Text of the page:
‘this dark emotional experience personified’
As the sun set on an artistically fruitful 1980s and a new decade dawned, collaborative projects would be the primary outlet for David Sylvian. ‘For the past almost three or four years, I’ve being going through quite a powerful emotional change in my life and it took me a long time to come to terms with what was happening. So I thought, rather than just slogging away without getting to grips with it, I should perhaps collaborate and allow myself to work more on the spur of the moment,’ he explained in 1991, as the eagerly awaited reunion project of the former members of Japan – Rain Tree Crow – was first shared with an intrigued audience.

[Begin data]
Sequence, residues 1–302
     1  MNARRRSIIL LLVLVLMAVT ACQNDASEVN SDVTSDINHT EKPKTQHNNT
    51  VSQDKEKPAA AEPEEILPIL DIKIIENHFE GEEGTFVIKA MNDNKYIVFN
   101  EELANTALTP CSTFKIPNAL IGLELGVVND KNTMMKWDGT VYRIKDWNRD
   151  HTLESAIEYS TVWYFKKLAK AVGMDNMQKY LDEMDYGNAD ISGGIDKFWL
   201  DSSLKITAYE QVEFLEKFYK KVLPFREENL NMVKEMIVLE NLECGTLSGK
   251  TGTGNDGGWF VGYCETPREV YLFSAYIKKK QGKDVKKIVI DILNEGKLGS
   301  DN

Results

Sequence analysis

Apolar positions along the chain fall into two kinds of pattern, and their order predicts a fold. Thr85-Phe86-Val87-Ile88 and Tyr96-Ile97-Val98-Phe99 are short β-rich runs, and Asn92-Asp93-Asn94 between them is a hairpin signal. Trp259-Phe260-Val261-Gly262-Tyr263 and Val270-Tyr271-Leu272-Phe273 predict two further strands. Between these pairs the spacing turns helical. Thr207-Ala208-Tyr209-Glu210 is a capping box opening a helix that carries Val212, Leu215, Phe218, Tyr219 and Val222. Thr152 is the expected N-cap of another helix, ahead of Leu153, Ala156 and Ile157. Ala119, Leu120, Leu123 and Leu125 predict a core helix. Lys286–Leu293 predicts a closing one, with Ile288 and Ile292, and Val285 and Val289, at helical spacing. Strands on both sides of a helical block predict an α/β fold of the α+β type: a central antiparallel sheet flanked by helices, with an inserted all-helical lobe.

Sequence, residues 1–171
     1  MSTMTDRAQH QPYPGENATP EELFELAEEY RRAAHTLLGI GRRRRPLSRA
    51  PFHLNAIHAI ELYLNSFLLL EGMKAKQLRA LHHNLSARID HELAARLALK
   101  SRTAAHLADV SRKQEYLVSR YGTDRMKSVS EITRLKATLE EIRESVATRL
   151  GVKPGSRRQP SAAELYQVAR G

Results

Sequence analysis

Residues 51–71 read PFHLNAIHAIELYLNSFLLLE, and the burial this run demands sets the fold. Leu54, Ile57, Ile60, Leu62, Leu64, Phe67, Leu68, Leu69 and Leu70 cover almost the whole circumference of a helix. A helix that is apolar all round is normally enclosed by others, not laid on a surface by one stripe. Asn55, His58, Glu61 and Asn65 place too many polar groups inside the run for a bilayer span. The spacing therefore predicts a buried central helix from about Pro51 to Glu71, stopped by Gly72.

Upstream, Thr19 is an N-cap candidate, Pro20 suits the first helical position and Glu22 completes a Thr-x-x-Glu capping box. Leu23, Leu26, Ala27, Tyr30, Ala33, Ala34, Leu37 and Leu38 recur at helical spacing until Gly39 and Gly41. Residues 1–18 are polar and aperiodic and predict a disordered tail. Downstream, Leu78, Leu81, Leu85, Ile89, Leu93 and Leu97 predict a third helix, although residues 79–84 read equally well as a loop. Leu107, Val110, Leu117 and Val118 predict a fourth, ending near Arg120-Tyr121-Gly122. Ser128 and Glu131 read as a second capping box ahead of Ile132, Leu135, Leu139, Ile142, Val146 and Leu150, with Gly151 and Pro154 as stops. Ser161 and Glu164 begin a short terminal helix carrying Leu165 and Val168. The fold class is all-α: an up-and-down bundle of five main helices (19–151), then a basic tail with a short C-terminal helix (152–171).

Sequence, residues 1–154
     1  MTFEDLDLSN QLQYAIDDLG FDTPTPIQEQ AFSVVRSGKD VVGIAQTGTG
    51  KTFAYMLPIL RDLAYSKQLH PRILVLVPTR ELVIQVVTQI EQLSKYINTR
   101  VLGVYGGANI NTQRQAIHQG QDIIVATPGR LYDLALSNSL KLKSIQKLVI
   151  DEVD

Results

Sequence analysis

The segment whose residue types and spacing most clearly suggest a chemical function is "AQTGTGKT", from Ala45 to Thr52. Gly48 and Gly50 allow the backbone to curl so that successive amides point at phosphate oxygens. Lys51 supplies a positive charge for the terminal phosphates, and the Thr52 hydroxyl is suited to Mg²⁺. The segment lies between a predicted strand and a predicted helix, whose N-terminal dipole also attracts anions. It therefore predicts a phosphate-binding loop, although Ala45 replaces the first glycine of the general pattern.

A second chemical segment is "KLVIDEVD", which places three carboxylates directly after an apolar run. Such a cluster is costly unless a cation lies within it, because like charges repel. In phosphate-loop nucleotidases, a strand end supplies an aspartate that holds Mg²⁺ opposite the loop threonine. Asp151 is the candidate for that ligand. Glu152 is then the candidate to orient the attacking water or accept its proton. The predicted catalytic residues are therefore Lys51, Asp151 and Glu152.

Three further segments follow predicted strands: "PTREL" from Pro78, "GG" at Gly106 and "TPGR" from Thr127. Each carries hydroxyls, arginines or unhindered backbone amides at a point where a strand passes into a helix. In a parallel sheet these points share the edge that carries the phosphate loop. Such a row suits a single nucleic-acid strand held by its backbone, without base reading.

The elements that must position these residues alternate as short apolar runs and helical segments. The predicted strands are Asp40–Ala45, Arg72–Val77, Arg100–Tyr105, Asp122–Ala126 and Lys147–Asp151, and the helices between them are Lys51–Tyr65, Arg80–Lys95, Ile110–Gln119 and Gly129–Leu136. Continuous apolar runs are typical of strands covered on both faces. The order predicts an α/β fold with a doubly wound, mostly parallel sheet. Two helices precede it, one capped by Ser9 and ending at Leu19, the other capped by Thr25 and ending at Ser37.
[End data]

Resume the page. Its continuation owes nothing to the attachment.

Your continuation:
Continue reading “Blackcrow Hits Shoe Shine City”
‘from totally opposite parts of the musical globe’
Dai Fujikura had an early and unusual fascination with David Sylvian’s work. ‘I grew up listening to his music—which is a bit strange, as I was born in 1977. The first album I listened to was Secrets of the Beehive. At that time I was 13 years old or so, and I hadn’t listened to pop music—well, maybe I’d heard it on TV, but I’d never purchased it nor was I interested in any music other than classical. Being a classical musician was my life from the age of five! Practicing every day, doing homework, going to “juku”, which was a sort of “extra school” that lots of kids in my generation attended. So, I had no time to waste, and no time to search in other genres of music.
Continue reading “Five Lines”